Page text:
A bionic microchip that replicates the working of human parts with extra high fidelity is the recipient of the Best Design of the Year Award given out each year.
Once in a while, something comes along that makes mankind ponder awhile on its own qualities of invention and discovery. Paola Antonelli who works at MOMA as a design and architecture curator made a welcome addition to his repertoire of fine stuff that is mindboggling in its nature.
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It consists of a transparent plastic chip that resembles a USB and it can have a huge influence on the future of science. Especially the penumbra where electronics and biology meet and meld is what this unique device is all about.
"This winning design is a great example of how design is a collaborative practice embracing expertise and know how across disciplines. Its selection as Design of the Year 2015 also signifies a desire to recognize and award design that can significantly impact society now and in the future," said Gemma Curtin, who is the Designs of the Year 2015 exhibition curator.
Termed “Organs-On-Chips”, the contraption is precisely what its name suggests. But is this even remotely possible in today’s world? Apparently, the answer is a resounding “YES”. It is actually a microchip that has microtubules in it through which fluids may run. These tubules are hollow in their structure.
The inner lining of these tubules consists of human cells. And a number of biological agents such as atmospheric mixtures, all types of blood, bits and pieces of vital nutritional nourishment and harmful and healing bacteria can be forced through the pipelines that are part-biological and part-technological.
The process via which this device 'Organs-on-Chips' got manufactured is very similar to how Intel makes its chips for motherboards. However, there is a big difference. And that is in the inner contents which do not consist of a flow of electrons but rather comprise all sorts of biological components.
Cells from virtually any and every organ of the human body can be transported through this chip. The specialized technology employed in this microchip is called “microfluidics” which almost reminds one of a Cyborg future.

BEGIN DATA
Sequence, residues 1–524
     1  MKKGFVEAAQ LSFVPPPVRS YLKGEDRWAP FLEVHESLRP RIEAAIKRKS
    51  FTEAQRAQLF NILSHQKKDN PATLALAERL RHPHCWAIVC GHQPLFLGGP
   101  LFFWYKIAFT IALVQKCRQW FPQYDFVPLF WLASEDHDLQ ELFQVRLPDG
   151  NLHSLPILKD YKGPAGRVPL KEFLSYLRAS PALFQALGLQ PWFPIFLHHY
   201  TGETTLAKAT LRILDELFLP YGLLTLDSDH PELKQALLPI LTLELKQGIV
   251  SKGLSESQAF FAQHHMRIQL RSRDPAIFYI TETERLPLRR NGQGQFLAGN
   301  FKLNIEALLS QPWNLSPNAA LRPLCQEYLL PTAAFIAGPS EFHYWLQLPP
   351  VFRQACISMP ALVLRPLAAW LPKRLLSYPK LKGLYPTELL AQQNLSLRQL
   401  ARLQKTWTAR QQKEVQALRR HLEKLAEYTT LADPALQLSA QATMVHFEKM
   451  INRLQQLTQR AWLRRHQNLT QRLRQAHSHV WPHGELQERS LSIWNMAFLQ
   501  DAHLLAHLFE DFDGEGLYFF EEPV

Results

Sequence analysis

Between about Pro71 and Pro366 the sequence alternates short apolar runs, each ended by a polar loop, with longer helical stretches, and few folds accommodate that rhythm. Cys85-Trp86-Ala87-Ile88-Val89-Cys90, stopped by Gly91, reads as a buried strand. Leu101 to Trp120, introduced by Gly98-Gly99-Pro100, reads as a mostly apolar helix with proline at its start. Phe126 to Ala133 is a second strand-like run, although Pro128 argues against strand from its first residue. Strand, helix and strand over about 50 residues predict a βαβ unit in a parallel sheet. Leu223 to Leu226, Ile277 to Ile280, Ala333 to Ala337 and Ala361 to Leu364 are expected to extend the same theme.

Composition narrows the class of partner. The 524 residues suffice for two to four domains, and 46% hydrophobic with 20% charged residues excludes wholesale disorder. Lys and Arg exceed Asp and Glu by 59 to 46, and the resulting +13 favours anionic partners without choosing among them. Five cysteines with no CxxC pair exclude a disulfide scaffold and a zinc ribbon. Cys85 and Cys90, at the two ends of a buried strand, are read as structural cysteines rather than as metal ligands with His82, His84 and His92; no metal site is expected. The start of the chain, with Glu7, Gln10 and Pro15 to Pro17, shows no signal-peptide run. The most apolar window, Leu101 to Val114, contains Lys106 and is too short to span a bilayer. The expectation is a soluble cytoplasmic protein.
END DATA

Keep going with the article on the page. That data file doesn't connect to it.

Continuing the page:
“We are deeply honored that our Organs-on-Chips have been awarded Design of the Year, and we are passionately following our mission to apply our new living products for a range of applications to improve human health,” said Geraldine A. Hamilton, Ph.D., President and Chief Scientific Officer of Emulate.
“This prestigious recognition inspires us even more to translate the Organs-on-Chips technology into a commercially-available system that can be used to design better and safer products for humans, as well as creating a new era of applications in the personalized health space.”
The basic bionic gimmick is built to mimic human organs down to their working order at the microscopic level. It could serve as an ideal testing ground for medicinal agents and their effects on organs. This way human test subjects will not need to be made into guinea pigs. And even animal species will be spared the deleterious and harmful effects of lab testing.
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Half a decade ago it was all on paper. But now it is a feasible idea and ready to be put into practice. Awarded with the Design of the Year, it is a very cool thing for sure. Organs-On-Chips will radically revolutionize the cutting edge field of biotechnology for the better. The future is now!